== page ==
• At the Cities Summit of the Americas, the U.S. State Department, USAID, C40 Cities, the Mayors Migration Council and the Climate Migration Council convened mayors, funders and U.N. representatives to discuss urban climate migration
  • This first-ever conversation between the U.S. government and international mayors on climate migration addressed ways to unlock funding for city-led inclusive climate action
  • USAID announced the launch of a new landmark initiative to develop city-specific roadmaps to support urban adaptation and unlock finance for city action on climate migration

Today, at the Cities Summit of the Americas in Denver, leading mayors from across the western hemisphere met with international organisations and senior U.S. government officials to discuss the impact of the climate crisis on urban migration and the need for more investment in city-led solutions.

The closed-door roundtable, convened by the U.S. State Department Bureau of Population, Refugees and Migration (PRM) and The United States Agency for International Development (USAID) in partnership with C40 Cities, the Mayors Migration Council and the Climate Migration Council, brought together Mayor Jaime Pumarejo of Barranquilla, Colombia; Mayor Maribel Escobar of La Palma, El Salvador; Mayor Joel Martinez of Port of Spain, Trinidad and Tobago; Mayor Bob Gallagher of Bettendorf, U.S.; Commissioner Brigid Shea of Travis County, U.S.; and senior representatives from CAF-Development Bank of Latin America, the U.N. Migration Agency (IOM) and the U.N. Refugee Agency (UNHCR).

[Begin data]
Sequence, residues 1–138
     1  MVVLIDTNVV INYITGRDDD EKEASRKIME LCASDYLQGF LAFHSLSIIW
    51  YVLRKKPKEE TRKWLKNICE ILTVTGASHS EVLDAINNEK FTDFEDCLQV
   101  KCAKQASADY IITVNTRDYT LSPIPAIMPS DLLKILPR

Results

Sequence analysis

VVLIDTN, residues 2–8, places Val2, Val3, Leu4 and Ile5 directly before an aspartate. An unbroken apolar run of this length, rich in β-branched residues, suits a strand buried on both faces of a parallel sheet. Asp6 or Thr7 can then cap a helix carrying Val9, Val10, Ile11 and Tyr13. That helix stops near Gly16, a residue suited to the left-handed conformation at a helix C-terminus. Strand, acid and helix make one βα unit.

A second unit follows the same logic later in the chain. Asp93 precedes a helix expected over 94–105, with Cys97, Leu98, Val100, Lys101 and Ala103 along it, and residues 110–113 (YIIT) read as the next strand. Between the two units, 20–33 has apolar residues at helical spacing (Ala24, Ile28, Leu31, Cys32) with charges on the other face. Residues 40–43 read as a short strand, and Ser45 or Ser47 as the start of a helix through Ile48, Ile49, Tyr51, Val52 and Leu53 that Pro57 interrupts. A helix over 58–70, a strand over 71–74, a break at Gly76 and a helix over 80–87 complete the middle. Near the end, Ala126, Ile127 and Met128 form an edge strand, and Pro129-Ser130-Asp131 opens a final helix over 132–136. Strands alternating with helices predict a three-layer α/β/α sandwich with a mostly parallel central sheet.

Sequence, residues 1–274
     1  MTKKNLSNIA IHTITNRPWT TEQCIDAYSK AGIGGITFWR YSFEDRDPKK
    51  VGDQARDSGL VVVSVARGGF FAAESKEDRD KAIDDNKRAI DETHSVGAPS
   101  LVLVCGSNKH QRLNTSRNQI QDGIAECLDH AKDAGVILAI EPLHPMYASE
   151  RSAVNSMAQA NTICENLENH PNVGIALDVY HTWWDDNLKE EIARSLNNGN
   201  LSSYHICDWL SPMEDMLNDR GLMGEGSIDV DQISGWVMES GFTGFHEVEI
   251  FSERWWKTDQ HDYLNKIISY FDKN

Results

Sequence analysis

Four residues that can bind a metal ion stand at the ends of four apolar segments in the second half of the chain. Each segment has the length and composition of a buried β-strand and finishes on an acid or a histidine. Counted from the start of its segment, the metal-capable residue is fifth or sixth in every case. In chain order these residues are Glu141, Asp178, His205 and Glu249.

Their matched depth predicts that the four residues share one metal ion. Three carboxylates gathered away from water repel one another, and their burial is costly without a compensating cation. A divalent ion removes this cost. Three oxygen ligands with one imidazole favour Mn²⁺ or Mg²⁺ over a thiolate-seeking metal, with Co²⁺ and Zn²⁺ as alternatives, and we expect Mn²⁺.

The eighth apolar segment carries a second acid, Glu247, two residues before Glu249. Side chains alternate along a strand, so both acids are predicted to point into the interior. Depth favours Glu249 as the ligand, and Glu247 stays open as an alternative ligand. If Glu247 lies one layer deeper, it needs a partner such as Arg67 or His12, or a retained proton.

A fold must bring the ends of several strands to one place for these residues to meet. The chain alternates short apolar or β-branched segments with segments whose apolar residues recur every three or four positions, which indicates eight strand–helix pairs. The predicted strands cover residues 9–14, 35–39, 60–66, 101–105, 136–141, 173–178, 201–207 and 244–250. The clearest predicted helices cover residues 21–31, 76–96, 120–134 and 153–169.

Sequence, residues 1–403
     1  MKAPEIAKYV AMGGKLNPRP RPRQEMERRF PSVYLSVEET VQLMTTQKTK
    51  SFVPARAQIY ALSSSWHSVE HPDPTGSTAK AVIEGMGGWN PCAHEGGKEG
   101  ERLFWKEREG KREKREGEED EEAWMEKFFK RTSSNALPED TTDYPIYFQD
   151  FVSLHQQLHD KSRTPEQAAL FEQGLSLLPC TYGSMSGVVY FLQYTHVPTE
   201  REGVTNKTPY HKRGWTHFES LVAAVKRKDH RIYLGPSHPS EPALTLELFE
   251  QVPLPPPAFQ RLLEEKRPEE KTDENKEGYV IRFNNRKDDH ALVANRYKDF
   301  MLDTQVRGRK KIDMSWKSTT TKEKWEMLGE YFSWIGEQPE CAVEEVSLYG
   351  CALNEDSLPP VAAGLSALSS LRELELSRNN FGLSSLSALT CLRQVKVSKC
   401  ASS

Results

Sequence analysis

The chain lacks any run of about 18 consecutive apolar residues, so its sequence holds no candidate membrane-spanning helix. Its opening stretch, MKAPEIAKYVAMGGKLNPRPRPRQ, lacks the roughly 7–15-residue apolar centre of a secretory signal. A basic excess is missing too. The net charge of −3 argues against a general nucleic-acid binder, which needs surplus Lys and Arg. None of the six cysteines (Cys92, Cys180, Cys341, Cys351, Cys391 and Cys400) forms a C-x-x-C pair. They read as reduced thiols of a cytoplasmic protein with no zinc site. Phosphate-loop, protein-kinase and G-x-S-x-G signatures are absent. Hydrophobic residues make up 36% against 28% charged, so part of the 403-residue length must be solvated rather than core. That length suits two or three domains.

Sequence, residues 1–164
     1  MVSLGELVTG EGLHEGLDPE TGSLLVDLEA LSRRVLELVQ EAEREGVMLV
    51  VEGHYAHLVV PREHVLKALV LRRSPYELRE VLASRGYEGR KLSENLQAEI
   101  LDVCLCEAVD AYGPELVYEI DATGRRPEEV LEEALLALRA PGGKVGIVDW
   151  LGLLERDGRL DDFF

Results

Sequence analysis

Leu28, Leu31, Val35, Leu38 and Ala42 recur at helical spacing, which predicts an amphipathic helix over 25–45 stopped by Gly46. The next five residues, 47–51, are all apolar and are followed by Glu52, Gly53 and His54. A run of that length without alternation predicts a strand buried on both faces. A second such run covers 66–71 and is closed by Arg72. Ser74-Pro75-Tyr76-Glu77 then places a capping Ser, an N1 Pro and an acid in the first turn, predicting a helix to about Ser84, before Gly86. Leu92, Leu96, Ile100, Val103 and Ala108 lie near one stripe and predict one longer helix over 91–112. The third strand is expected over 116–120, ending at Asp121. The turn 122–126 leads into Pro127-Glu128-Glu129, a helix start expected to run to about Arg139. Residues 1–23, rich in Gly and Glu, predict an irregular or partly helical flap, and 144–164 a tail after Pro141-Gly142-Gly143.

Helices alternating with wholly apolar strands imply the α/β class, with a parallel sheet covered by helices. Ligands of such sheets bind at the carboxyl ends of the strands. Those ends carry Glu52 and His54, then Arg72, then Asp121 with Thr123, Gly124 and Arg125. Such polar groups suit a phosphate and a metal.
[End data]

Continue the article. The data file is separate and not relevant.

The discussion, opened by Uzra Zeya, Under Secretary of the U.S. State Department for Civilian Security, Democracy and Human Rights, focused on city-led solutions to climate migration, including investments to better adapt in place and reduce displacement, approaches to facilitate the dignified movement of those who live in risk-prone areas, and solutions to foster the social and economic inclusion of newcomers, including through the creation of good, green jobs.

Participants also discussed concrete ways national governments and donors can support and partner with cities, including opportunities to strengthen city-national diplomacy ties and collaboration between the C40-MMC Global Mayors Action Agenda on Climate and Migration, the Climate Migration Council’s Declaration, and the Biden administration’s policies, including the President’s Emergency Plan for Adaptation and Resilience (PREPARE), and USAID’s Climate Strategy.

Following C40-MMC mayors’ calls to invest in urban resilience and inclusion, Mileydi Guilarte, USAID’s Deputy Assistant Administrator for Latin America and the Caribbean, announced a new $1 million investment across the Latin America and Caribbean region to help build cities’ resilience to the impacts of climate change, with a focus on addressing the unique needs of migrant communities. Working with organisations like the Mayors Migration Council, this investment will support vulnerable migrants through the development of city-level plans that foster local integration, reduce disaster risk and strengthen climate resilience in cities.

This investment is an important step to fulfill the recommendations put forward in  U.S. President Joe Biden’s Report on the Impact of Climate Change on Migration two years ago. Responding to a call from C40-MMC mayors from across the United States, the report marked the first time the U.S. government officially recognised the impact of climate breakdown on migration and committed to “scaling up support to urban areas to help localities plan for, accommodate, and integrate migrants and those displaced” and “build resilient urban systems.”